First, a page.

UNKNOWN CAUSES-Memoirabilia Podcast #16
UNKNOWN CAUSES. Death is an everyday occurrence but when a mother who suddenly and unexpectedly learns of the death of her son from UNKNOWN CAUSES, it’s inexplicable. Sally Rose got that call no parent ever wants to get one morning. In her shock and grief, she wrote this sad letter to her son, Phillip. Thank you Memoirabilia member, Sally Rose, for sharing it with us here.
He crawled at six months. He walked at nine. He made his first whole sentence at 18 months. In a restaurant in Fredericksburg, Texas, where trophy animal heads hung on the walls. “Me see moose.”
He was the boy who dragged home stray kittens and puppies. And wanted to keep them all. He was the one who loved bedtime stories from comic books. Snuggled together in the rocker, with his yellow baby blanket, we read page after page, night after night, until he was too big to fit on my lap.
He was the squirrel-feeder, the soother of spirits, both animal and human. A pastor without the title.
At four years old, he drew a rabbit from the side view. His pediatrician pronounced him a genius. His wild imagination knew no bounds. He could create art out of anything he found. His 9th grade art teacher dubbed him “Sid,” after the notorious punk rocker, Sid Vicious. The name stuck.
Like the famous rocker, he had many struggles. With drugs, alcohol…with himself.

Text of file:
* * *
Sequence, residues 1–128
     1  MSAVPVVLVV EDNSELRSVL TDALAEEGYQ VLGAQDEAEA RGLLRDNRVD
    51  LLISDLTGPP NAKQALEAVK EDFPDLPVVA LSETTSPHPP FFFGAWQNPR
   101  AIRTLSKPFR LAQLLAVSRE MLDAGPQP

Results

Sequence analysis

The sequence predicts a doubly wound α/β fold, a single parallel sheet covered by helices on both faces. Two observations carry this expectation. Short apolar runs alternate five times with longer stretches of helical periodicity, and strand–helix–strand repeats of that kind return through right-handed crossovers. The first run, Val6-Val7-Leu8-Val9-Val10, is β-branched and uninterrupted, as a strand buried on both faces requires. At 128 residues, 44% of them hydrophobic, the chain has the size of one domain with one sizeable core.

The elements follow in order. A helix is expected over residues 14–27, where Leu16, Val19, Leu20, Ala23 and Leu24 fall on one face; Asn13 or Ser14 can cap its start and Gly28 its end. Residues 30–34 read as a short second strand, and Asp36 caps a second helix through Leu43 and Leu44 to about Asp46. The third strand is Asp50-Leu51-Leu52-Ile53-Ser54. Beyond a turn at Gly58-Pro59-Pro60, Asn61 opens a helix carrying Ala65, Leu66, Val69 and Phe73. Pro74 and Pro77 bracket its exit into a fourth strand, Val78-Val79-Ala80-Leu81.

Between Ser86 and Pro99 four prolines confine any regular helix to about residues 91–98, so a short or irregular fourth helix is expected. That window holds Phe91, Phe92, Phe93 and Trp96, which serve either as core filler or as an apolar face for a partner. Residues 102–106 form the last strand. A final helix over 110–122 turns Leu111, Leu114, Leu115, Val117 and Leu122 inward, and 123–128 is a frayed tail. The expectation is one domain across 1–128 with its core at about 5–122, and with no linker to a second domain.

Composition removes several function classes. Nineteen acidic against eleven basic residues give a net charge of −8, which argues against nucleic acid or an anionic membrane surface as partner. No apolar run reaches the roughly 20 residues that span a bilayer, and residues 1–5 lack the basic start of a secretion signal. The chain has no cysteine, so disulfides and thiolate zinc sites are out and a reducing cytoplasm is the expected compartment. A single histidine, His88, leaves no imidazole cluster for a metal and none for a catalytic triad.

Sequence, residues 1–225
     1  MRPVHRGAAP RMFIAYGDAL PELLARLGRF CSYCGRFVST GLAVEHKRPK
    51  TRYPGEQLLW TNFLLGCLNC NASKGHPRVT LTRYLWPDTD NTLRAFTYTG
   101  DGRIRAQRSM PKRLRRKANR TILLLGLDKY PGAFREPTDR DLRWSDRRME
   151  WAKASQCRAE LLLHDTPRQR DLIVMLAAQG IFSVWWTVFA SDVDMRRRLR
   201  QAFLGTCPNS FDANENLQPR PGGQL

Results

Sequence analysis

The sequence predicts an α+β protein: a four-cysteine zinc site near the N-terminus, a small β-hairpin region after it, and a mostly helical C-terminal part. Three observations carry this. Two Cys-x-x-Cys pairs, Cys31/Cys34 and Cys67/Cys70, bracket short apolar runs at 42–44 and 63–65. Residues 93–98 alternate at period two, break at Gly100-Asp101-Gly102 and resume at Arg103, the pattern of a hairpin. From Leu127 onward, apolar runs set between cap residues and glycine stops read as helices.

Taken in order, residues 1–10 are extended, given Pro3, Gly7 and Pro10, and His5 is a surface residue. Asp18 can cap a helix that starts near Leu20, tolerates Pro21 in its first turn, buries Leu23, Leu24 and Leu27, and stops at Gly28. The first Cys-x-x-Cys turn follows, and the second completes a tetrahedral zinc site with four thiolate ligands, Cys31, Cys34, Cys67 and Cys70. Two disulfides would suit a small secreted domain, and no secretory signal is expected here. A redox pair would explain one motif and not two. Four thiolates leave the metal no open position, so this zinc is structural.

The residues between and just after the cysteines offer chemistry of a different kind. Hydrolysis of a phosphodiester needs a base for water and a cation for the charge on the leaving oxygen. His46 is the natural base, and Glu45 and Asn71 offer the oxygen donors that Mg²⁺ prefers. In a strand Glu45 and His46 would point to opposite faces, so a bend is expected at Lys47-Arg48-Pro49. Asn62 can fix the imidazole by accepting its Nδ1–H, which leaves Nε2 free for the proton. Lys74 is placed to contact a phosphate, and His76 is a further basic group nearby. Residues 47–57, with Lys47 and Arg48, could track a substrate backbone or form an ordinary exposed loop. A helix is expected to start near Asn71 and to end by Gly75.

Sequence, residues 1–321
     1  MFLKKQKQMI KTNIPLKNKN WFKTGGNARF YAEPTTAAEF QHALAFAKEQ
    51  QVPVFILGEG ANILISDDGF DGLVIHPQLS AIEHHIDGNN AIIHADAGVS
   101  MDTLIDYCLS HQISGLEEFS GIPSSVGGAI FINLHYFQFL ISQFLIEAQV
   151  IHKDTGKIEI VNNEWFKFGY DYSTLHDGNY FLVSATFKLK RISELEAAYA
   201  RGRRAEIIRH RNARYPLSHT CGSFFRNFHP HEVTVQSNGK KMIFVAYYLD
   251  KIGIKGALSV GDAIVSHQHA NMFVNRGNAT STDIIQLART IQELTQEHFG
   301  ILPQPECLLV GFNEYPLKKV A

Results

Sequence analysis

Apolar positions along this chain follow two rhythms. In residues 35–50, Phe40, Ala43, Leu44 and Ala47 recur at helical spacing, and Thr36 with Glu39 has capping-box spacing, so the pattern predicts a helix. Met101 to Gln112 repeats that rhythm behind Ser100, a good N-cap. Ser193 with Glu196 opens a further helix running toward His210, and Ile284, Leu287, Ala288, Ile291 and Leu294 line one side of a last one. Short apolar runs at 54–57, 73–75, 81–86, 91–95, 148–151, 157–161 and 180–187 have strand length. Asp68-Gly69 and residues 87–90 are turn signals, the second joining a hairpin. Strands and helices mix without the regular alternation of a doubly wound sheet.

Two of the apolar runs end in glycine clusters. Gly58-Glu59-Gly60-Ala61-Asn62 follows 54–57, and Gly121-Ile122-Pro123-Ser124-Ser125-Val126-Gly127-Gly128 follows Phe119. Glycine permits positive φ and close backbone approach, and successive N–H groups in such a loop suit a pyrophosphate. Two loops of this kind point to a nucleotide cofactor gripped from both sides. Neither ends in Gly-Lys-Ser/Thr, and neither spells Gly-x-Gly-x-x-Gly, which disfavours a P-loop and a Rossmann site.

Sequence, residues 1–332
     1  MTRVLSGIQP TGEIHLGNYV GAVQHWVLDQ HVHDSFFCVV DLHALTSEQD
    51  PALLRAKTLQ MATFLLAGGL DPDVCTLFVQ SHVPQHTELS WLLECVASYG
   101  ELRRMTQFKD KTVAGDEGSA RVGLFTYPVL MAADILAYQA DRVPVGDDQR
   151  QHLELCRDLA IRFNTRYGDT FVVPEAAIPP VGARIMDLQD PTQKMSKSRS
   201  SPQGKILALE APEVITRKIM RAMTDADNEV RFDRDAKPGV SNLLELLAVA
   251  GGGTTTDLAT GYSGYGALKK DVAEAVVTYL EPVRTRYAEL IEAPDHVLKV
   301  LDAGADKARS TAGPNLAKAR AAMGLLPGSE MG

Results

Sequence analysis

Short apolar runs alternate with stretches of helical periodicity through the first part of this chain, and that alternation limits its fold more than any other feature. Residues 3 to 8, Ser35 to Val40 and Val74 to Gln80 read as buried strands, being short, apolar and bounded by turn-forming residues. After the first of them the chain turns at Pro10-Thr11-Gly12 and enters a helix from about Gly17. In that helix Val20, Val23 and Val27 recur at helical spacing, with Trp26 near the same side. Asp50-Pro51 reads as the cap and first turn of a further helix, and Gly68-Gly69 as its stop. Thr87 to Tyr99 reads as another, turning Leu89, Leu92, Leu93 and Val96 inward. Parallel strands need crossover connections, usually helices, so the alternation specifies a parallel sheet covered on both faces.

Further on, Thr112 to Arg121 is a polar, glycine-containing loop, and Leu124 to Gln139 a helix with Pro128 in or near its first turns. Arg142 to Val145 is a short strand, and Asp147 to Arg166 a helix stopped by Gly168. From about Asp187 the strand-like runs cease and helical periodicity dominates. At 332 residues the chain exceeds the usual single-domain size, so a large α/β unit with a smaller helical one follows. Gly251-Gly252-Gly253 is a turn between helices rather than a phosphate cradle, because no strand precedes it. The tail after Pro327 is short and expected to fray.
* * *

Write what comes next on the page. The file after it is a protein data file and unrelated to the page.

He was the gentlest of souls. Like a baby turtle, born missing its protective shell, he was sensitive and easily damaged, yet his heart remained open to all.
When he was a baby, I would sometimes wake up suddenly, in the middle of the night, thinking, “Did I just hear Phillip?” Maybe he’d made some small sound or movement that had alerted me. Within seconds, he’d start crying and I’d get up to go and comfort him.
Last Tuesday night, I tossed and turned, wakeful and fitful. The next morning, I got the phone call that no parent should ever have to receive. Phillip was gone. He’d passed away in the wee hours of Wednesday morning. All I could manage to say was, “Are you sure? Are you sure?” Like a broken record.
Phillip died in his own bed of unknown causes. There will be an autopsy and toxicology reports. It will be weeks before I know what really happened to my son.
It’s been four days and it still doesn’t seem sure, real. I don’t know how long it takes for shock to wear off, but I’m becoming acquainted with the five stages of grief. They are: denial, anger, bargaining, depression, and acceptance. I’ve been ricocheting around the first four since Wednesday.
Acceptance feels impossible or at least a long, long way off.
©Sally Rose, 2016